30 August 2007
Astronomers examining a microwave anomaly in the area of the constellation Eridanus, southwest of Orion, report having discovered a massive void, far larger than anything seen or theorized to date. The empty space, more than 1 billion light-years in diameter, contains no galaxies, stars or visible nebula, and appears to lack even dark matter.
The discovery could alter cosmology as conducted through advanced physics, as it would require an as yet non-existent explanation for such a massive "hole", where no gravitational forces or microwave traces of the Big Bang appear to linger. This suggests a new set of physical laws or properties not yet observed, tested or theorized.
A massive 'hole' in the fabric of space-time, if it can rightly be conceived of as a 'hole' or void, forces science to re-examine many of the presumptions about how relativity and quantum physics help describe the shape of the universe. It implies a significant interruption in the process of expansion and complication which appears to exist elsewhere in the universe, and for that, scientists will need to conceive of or demonstrate the existence of a force powerful enough to repel or consume all other forms of energy and matter.
It could be that the billion-light-year void is not a void at all, but a kind of space or matter we have no way of detecting, thus giving the appearance of a space without space, kinetic forces or matter. Theoretical physics will immediately begin to grapple with the problem, which could become a landmark puzzle, possibly capable of aiding in the explanation of what sort of forces could have led to the singularity known as the Big Bang. [s]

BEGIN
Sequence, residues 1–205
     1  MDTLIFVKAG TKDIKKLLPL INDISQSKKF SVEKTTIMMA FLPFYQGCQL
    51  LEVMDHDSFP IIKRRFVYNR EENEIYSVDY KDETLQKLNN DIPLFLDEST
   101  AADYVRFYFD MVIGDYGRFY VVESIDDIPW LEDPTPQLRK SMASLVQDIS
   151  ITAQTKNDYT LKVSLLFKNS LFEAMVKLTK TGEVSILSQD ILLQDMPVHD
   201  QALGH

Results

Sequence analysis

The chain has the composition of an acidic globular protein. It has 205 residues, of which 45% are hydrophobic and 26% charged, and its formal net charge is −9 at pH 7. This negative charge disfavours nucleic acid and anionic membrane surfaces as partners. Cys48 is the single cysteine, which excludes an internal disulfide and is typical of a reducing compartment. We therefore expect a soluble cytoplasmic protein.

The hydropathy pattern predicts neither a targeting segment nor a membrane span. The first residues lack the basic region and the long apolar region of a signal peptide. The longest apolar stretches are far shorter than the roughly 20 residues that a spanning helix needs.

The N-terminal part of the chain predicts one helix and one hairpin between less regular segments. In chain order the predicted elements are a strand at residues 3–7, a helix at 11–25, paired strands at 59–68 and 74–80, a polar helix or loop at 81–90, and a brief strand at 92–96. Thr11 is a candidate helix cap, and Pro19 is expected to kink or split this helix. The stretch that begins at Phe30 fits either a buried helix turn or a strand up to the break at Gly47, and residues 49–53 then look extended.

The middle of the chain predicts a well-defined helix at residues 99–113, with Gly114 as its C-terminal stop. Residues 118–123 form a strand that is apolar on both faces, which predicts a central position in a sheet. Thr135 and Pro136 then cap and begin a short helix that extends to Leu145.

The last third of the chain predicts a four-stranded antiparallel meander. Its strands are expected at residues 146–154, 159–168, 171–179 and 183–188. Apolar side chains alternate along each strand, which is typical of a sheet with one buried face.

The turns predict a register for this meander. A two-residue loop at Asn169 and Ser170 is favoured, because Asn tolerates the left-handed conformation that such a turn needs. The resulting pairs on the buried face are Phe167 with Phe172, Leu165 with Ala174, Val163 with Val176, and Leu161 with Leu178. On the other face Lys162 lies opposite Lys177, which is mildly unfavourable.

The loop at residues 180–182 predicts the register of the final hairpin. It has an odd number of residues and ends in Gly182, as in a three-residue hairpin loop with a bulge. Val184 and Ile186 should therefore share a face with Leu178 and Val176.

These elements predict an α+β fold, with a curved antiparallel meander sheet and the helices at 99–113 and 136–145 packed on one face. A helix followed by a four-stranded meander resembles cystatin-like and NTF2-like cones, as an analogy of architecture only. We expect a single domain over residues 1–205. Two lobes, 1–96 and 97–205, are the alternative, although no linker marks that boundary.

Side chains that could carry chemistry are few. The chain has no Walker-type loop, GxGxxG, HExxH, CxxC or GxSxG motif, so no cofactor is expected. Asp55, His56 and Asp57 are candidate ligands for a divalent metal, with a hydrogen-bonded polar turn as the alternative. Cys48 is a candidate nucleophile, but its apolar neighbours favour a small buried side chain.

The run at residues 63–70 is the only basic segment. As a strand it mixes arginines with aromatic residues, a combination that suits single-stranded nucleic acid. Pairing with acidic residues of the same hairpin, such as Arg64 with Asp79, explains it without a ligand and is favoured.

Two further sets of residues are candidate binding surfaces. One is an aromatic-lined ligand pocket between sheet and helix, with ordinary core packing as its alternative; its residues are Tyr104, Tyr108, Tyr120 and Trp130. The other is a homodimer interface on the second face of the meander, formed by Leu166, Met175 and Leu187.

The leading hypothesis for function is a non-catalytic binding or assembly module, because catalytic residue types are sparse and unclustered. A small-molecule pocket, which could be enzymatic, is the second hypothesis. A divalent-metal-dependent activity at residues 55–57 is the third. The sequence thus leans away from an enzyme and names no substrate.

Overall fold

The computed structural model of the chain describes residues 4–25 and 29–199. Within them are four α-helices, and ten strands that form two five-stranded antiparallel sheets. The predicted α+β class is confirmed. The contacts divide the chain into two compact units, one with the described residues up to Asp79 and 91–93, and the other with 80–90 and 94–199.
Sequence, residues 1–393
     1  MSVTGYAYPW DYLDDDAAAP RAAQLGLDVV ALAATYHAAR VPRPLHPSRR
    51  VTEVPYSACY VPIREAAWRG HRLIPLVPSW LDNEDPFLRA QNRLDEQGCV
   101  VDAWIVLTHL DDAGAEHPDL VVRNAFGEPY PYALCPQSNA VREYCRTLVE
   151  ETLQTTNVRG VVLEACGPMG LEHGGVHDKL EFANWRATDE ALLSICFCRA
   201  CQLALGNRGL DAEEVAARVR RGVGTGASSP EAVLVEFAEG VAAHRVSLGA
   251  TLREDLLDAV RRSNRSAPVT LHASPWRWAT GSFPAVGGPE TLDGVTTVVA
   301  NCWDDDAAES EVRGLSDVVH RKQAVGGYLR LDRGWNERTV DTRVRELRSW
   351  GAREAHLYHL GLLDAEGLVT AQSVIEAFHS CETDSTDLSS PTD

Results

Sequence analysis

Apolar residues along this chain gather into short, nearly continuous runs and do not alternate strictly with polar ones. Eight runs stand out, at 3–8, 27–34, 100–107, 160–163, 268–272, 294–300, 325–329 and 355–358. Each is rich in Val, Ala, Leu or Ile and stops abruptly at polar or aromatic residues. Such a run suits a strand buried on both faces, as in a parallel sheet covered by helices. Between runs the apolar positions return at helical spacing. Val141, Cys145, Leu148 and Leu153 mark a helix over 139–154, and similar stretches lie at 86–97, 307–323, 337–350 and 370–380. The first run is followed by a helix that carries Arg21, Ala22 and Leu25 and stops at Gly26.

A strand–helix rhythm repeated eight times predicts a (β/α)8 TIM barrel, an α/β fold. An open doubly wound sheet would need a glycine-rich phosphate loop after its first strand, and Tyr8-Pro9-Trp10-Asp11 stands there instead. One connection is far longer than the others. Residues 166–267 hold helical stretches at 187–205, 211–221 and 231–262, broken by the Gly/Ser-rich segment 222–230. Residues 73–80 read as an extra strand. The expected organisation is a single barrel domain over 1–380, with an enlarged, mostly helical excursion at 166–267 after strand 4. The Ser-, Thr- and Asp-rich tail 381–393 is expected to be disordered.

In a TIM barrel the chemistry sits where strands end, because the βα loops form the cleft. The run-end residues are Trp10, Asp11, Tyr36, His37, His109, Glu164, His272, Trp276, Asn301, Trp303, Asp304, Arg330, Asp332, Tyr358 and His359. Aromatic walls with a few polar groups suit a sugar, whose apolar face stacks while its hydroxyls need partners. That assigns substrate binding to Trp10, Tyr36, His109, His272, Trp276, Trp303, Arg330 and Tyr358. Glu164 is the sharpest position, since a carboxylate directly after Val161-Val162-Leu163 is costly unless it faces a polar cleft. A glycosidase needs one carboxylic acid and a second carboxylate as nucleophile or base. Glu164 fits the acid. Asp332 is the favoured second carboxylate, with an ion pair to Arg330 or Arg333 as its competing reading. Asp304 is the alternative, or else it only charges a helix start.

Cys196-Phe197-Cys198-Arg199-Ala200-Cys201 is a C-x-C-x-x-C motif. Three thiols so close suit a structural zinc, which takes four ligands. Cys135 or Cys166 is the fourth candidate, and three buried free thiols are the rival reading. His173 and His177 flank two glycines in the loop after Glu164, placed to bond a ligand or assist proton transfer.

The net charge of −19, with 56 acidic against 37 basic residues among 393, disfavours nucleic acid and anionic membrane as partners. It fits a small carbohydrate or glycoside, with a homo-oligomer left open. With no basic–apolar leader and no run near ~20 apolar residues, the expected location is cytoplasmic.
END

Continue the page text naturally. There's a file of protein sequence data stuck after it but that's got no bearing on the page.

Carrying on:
A new breakthrough in propulsion technology may enable a fuel-free engine with no moving parts to use microwaves to push satellites through space and automobiles on earth. The science is complicated and controversial, but appears to be sound and takes advantage of Einstein's landmark theory of relativity to turn contained microwaves into a propulsion system, in the form of a non-mechanical engine. [Full Story]
PHYSICISTS IN JAPAN PLAN TO CREATE NEW UNIVERSE IN LAB
A radical new project could permit human beings to create a "baby universe" in a laboratory in Japan. While it sounds like a dangerous undertaking, the physicists involved believe that if the project is successful, the space-time around a tiny point within our universe will be distorted in such a way that it will begin to form a new superfluid space, and eventually break off, separate in all respects from our experience of space and time, causing no harm to the fabric of our universe. [Full Story]
BEYOND THE BIG BANG, THE MEMBRANE MULTIVERSE
The 'universe' we know as all-encompassing may actually be just one of many such distinct self-contained, self-sustaining phenomena, with distinct physical properties and corresponding physical laws and tendencies, unified membrane cosmologies adrift in a 'superfluid' soup, at times colliding with incredible energy diffusion, creating whole new universes. [Full Story]
NASA has announced it will no longer fund maintenance for the Hubble telescope. While the cost of maintaining and refurbishing the telescope is high, its scientific yield is virtually without parallel. Many of the most important discoveries in astronomy in recent years have been achieved through use of the Hubble. It is now thought that the telescope has only a 50% chance of surviving till 2007. [Full Story]